An old university friend got in touch with my wife Frances last week and invited us for lunch.  We’re going next Monday.  Anne and Bill live in Fife, about 50 miles from us, in a big converted farm steading with integral stables for their horses and donkeys.  We don’t see them very often but have been friends for well over 40 years and it’s always good to meet up with them and talk about our children and grandchildren, and how retirement is treating us, and all the latest news about our aches and pains and age-related ailments.

Do we discuss Random Treasure? No.  Then why are these people in the blog?  Ah yes, there’s a reason.  Sue’s mother, who lived in a granny annexe to the main house, died at a great age a few months ago.  They are clearing her possessions, which include a collection of ceramics.  And since Roger knows about ceramics, can he please have a look and advise us?  All we know about them is that they were brought back from the south of France, where Helen had an apartment for many years. She liked going to markets and came back with this stuff.

That’s the sum total of my knowledge thus far.  I’ll know more next week and will report on it if there’s anything interesting to report.  But it’s just the kind of request that starts my Random Treasure-hunting juices flowing.  I get this kind of request increasingly often, from friends or acquaintances dispersing collections left by deceased relatives and don’t know where to start.  They have heard that I know a bit about antiques, and they ask me for help.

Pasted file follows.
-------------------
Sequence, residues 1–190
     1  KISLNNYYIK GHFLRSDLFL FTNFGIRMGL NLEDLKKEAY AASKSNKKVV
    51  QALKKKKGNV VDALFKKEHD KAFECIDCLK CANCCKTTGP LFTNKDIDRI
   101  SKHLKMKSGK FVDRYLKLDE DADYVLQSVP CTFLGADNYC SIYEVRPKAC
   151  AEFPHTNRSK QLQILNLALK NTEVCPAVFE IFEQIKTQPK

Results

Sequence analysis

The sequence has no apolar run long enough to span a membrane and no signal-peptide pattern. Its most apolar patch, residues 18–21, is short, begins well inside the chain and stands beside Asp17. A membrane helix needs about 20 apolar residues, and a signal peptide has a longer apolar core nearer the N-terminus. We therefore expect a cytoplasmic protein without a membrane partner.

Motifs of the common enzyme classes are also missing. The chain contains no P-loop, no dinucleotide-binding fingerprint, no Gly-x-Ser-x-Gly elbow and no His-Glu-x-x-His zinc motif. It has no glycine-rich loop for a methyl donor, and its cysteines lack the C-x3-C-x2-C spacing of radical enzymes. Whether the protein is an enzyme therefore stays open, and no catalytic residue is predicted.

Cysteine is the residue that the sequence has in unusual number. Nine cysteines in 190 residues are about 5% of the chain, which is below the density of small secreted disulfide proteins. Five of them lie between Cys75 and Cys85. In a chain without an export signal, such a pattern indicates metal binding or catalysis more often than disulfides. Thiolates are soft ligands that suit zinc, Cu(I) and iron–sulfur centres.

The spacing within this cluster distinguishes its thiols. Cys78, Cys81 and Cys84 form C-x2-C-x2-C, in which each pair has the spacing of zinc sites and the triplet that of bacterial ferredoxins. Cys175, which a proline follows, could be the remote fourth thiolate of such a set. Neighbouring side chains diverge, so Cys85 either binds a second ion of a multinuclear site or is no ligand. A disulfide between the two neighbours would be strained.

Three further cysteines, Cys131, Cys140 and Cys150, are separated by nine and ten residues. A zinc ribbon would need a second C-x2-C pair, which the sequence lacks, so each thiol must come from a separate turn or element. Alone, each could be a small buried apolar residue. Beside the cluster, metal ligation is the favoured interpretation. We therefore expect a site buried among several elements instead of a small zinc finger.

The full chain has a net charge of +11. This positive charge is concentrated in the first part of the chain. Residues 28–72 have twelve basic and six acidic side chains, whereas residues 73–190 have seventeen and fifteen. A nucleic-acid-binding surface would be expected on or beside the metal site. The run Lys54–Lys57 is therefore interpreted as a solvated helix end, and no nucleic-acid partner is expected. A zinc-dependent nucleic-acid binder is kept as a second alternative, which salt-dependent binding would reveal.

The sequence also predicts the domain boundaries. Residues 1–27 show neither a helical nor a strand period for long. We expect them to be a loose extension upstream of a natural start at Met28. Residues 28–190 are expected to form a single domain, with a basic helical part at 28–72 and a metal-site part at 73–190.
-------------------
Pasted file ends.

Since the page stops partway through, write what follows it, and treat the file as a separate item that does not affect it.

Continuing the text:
I’m delighted to help where I can, and absolutely not for mercenary reasons.  If there’s anything of value in the collection, I won’t be trying to get my hands on it to make a fat profit for myself.  What’s important and pleasurable for me is seeing and handling and researching and identifying the objects, and for that, you don’t need to be the owner or a dealer.  So if I find something in a friend’s collection which has some value, then I’ll get just as much enjoyment from seeing it properly identified and sold to increase their wealth as I would if I were the owner and the profit were mine.

Of course it’s also true that one of the main sources of Random Treasure is the continual flow of unrecognised objects cleared from the homes of the dead by heirs or executors and either given to charity shops or consigned in bulk to local auction houses.  And if that’s where I find a valuable item which has become detached from its identity and provenance, then I regard it as fair game to be bought cheap to be kept or to be re-sold in the hope of a profit.  I expect to have more – possibly much more – to say on this subject in future postings.

In the meantime, I’m looking forward to seeing our friends and looking at the collection of ceramics.  I know that they are from France, but nothing else.  So what might I expect?  I hadn’t seen Helen for many years and had never seen the inside of her house.  But she was a great lady and I imagine she would have been a person of good taste and a buyer of quality items.  Which leaves plenty of scope for speculation about what kinds of things she might have collected.

Pottery plate made and decorated in Vallauris, France by the celebrated designer and potter Roger Capron. Found in a charity shop in Edinburgh

Maybe it’s porcelain from the great factories in Paris or Limoges.  Or maybe old French faience, the gorgeous tin-glazed earthenware made by artisans for hundreds of years in towns and villages all over the country.  Or perhaps she had a twentieth-century taste for wares from Vallauris, the ceramics town favoured by Picasso and other modernist luminaries for their occasional experiments with making and decorating pots.  It’s possible, because Vallauris is not very many miles from Villefranche where Helen’s apartment was.  Anything’s possible, including total disappointment.  But I must admit that I’m getting quite excited.

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